Risk, Uncertainty, and 'Super-Risk'

29 Pages Posted: 28 Jun 2015

See all articles by Jose Bermudez

Jose Bermudez

Texas A&M University - Department of Philosophy

Michael S. Pardo

Georgetown University Law Center

Date Written: June 26, 2015


Our goal in this symposium article is to introduce the general idea of super-risk and to explain its features and sources. Risk is a pervasive feature of law and public policy. Decision-making in these domains often takes place in the absence of certainty and with awareness that errors may be made and predictions may fail. Within law — as within the social and physical sciences, medicine, economics, finance, and countless other domains — a primary focus of practical and scholarly inquiries is the extent to which risks can be measured and managed. In each of these domains, risk analysis typically employs the basic tools of decision theory (probability and utility) to measure the likelihood as well as the costs and benefits associated with possible outcomes. Risk analysis also often makes use of the familiar (but confusing) distinction between decisions made in conditions of “risk” (roughly, the relevant likelihoods and costs are quantifiable) and decisions made in conditions of “uncertainty” (roughly, the possibilities are either unknown or not amenable to quantification).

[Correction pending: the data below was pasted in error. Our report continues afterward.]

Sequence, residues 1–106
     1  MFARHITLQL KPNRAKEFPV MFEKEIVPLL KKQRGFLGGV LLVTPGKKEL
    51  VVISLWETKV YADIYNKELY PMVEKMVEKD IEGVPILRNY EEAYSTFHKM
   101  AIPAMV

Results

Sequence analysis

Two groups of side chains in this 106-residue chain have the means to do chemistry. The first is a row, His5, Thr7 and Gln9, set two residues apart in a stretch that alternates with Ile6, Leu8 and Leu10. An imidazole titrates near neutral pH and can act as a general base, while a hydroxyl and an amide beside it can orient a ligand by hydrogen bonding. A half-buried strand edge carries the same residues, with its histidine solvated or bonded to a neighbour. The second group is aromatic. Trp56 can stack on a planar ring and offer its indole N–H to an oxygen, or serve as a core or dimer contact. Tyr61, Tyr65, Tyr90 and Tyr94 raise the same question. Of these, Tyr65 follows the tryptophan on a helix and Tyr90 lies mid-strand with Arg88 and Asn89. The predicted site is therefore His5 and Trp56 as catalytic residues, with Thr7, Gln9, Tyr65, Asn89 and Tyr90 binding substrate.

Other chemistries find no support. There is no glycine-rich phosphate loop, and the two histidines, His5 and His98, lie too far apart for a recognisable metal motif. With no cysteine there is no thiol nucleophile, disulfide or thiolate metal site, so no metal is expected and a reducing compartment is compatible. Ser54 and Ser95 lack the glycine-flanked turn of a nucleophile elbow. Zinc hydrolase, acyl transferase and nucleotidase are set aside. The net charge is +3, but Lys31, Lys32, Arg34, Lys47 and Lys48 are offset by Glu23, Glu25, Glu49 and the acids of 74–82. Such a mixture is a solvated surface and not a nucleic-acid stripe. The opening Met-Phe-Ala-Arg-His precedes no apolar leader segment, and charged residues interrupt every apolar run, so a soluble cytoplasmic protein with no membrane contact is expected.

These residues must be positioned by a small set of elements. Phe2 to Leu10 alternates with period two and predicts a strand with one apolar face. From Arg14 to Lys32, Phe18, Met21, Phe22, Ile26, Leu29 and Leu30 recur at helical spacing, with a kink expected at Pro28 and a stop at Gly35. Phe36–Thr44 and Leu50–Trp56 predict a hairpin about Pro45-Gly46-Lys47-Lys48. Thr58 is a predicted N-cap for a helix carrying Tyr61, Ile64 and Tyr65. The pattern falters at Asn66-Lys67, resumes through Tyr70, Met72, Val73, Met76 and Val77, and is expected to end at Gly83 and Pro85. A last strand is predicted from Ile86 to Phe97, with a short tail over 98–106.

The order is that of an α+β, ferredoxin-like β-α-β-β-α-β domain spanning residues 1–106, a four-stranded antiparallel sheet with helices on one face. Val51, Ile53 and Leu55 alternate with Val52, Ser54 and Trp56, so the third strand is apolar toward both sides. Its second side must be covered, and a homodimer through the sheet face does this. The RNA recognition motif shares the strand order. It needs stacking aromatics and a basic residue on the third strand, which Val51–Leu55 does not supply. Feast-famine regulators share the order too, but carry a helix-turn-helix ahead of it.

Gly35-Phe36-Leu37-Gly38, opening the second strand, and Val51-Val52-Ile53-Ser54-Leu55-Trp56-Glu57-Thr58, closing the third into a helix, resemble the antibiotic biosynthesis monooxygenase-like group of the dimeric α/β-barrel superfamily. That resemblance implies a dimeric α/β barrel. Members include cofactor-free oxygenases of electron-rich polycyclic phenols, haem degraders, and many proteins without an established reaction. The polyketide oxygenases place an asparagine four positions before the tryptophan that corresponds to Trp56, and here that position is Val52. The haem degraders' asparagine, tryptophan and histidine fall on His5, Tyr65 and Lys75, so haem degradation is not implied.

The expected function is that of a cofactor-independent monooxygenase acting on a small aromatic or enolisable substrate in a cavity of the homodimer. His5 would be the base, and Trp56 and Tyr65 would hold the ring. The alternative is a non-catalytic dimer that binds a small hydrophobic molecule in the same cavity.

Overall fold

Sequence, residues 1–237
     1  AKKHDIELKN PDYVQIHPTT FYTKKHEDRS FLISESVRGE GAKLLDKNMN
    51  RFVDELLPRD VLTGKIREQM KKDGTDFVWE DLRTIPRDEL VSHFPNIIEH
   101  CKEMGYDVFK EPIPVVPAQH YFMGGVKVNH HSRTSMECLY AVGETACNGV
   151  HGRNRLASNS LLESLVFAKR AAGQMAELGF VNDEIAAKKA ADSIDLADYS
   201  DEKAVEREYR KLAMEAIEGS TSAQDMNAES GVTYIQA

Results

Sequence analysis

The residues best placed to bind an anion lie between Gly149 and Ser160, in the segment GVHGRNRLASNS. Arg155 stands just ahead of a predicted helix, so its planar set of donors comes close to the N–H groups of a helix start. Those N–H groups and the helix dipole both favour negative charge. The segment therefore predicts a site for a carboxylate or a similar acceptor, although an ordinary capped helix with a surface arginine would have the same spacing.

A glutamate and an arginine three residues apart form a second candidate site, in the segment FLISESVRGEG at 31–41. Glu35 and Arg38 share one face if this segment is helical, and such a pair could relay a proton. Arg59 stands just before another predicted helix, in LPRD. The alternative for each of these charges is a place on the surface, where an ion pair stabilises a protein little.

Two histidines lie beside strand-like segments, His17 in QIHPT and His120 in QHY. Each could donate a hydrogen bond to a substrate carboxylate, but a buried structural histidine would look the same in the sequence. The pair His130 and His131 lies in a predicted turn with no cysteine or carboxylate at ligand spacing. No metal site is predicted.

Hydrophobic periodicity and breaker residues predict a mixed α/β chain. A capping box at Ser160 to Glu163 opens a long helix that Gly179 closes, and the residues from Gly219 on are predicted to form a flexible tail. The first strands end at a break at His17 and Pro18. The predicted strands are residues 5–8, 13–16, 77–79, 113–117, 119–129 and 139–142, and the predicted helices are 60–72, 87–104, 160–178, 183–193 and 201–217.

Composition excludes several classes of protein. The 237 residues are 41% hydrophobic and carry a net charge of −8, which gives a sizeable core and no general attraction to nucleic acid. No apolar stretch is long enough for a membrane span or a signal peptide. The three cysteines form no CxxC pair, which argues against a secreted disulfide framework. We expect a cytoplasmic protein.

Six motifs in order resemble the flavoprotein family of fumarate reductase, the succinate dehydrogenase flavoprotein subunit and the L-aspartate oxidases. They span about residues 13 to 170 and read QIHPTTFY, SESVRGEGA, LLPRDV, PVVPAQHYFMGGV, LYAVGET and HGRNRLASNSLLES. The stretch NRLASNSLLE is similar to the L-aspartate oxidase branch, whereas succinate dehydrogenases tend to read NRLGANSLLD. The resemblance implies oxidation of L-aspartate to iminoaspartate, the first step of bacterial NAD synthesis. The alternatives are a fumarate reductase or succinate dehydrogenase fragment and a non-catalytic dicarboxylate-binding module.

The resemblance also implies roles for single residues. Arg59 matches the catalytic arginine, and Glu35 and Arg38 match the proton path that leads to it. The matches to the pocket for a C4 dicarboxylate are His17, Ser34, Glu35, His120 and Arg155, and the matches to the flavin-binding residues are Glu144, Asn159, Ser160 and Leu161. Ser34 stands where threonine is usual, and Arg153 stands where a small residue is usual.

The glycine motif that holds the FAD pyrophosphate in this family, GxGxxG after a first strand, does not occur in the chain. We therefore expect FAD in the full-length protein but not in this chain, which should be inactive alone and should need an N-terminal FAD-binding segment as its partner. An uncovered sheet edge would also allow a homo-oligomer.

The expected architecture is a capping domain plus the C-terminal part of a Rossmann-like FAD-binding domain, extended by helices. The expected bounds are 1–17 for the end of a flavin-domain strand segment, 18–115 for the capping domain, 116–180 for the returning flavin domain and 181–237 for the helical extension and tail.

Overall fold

Beginning with the risk-uncertainty distinction, but altering its terminology, we argue that there is a fundamentally important type of risk that has been systematically ignored. We call it “super-risk.” Super-risk occurs when, at the time of decision, decision-makers believe they are in conditions of risk (what we call “actuarial decision-making”), but they do not know whether they are in an actuarial or an uncertain environment. Super-risk gives rise to a particular type of inferential problem, with significant practical consequences, when decision-makers proceed under the assumption that they are in an actuarial environment but they are in fact in an uncertain one. Super-risk has the potential to arise in any decision-making domain with uncertain outcomes, but it is more prone to arise with decision-making in domains such as law, public policy, economics, finance, and the social sciences rather than in domains such as the physical sciences, medicine, and insurance.

Keywords: risk, uncertainty, Frank Knight, epistemic risk, financial decision-making, adjudication, legal proof, explanation, projectability

Suggested Citation

Bermudez, Jose and Pardo, Michael S., Risk, Uncertainty, and 'Super-Risk' (June 26, 2015). Notre Dame Journal of Law, Ethics and Public Policy, Vol. 29, No. 2, 2015, U of Alabama Legal Studies Research Paper No. 2623715, Available at SSRN: https://ssrn.com/abstract=2623715

Jose Bermudez

Texas A&M University - Department of Philosophy ( email )

College Station, TX 77843-4237
United States

Michael S. Pardo (Contact Author)

Georgetown University Law Center ( email )

600 New Jersey Avenue, NW
Washington, DC 20001
United States

HOME PAGE: http://www.law.georgetown.edu/faculty/michael-s-pardo/

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